Yesterday the Journal of Affective Disorders published a study comparing the rates of life events and life stressors (moving to a new city, family financial difficulties, frequent family fights, etc) between depressed children and non-depressed peers. I feel a bit self-conscious reviewing this particular study since I’m one of the lead authors, but it is highly relevant to the discussion we had regarding brain changes in the offspring of parents and grandparents who have a history of child depression (see this post). The goal of the study was to identify which types of events are most associated with child depression, and whether the association between stressors and depression is the same throughout childhood (for example are younger children affected more by these events than older children?). The study included more than 600 clinically depressed children and an even larger number of non-depressed peers living in Hungary. Thus it is one of the largest clinical samples of depressed children ever examined. As we would expect, depressed children experienced significantly more life events than non-depressed children. But we were really surprised at the speed that depressed children accumulated these life events. That is, usually we accumulate life events gradually throughout or lives. The longer we live the more likely we are to experience a family move, a death in the family, an illness, etc. Thus, we experience a fairly steady increase of life events with age. However, children and adolescents who developed depression do not show this pattern. Instead, by age 7 these children have accumulated more life events than non-depressed 17 year old adolescents! Is it simply that these kids are depressed in reaction to these stressors? It’s possible, but we are currently replicating these findings with children at familial risk for depression but who are not depressed yet. This tells us that the accumulation of stressful life events can occur many years prior to the onset of depression (since most these kids who will develop depression will do so during adolescence). There are some important implications of these findings, especially in regards to the common perception of ‘resiliency’ during childhood – the common idea that children can withstand a lot of stress without being significantly impacted. It is possible that children are often resilient to specific life events, but our findings suggest that it is the accumulation of many of these events at an early age that may place them at risk for developing depression. Thus, we hope to eventually examine if preventive strategies for young children experiencing high rates of stressful life events will decrease the risk that these children will develop depression.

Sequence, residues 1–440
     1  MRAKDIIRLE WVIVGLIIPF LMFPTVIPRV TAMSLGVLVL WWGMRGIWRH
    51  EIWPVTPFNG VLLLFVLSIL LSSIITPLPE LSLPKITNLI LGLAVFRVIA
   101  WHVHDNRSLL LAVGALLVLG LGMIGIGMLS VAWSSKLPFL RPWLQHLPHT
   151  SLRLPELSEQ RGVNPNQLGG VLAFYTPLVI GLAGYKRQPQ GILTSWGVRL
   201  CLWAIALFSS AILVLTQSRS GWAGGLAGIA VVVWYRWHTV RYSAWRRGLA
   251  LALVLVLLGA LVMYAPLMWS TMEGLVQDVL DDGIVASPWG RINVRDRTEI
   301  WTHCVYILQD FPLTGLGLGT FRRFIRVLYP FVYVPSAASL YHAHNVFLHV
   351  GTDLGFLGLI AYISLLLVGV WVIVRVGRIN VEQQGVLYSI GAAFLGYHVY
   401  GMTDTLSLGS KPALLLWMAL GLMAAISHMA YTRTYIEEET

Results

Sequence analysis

Mayer, L., Lopez-Duran, N., Kovacs, M., George, C., Baji, I., Kapornai, K., Kiss, E., & Vetró, A. (2009). Stressful life events in a clinical sample of depressed children in Hungary Journal of Affective Disorders, 115 (1-2), 207-214 DOI: 10.1016/j.jad.2008.08.018

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